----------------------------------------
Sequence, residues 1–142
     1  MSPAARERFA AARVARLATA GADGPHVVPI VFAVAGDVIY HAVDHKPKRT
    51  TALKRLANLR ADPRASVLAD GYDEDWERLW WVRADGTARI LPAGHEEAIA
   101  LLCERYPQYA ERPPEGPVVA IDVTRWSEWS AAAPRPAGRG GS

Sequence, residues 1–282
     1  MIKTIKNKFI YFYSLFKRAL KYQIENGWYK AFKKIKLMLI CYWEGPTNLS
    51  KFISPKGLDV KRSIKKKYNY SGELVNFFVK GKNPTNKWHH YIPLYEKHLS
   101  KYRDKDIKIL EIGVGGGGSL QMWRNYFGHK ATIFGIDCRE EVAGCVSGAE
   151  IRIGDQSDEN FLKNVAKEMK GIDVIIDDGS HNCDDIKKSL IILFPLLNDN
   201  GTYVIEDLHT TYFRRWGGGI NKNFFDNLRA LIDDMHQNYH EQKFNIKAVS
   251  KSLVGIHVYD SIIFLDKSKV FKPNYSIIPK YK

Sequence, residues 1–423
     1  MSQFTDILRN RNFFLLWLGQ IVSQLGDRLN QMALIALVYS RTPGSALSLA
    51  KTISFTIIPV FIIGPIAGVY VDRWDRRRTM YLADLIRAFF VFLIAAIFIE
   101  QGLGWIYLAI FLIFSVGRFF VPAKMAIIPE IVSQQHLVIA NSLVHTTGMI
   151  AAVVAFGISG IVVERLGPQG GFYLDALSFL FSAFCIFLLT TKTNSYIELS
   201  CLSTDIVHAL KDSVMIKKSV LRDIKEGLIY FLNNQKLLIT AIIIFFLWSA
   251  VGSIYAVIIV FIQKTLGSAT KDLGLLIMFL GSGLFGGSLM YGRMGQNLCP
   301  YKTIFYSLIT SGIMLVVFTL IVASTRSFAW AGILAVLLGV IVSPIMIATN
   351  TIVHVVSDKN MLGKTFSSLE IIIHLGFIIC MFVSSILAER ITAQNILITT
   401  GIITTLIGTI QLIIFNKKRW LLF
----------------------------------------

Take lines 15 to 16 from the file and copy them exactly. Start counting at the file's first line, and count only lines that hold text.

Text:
   101  QGLGWIYLAI FLIFSVGRFF VPAKMAIIPE IVSQQHLVIA NSLVHTTGMI
   151  AAVVAFGISG IVVERLGPQG GFYLDALSFL FSAFCIFLLT TKTNSYIELS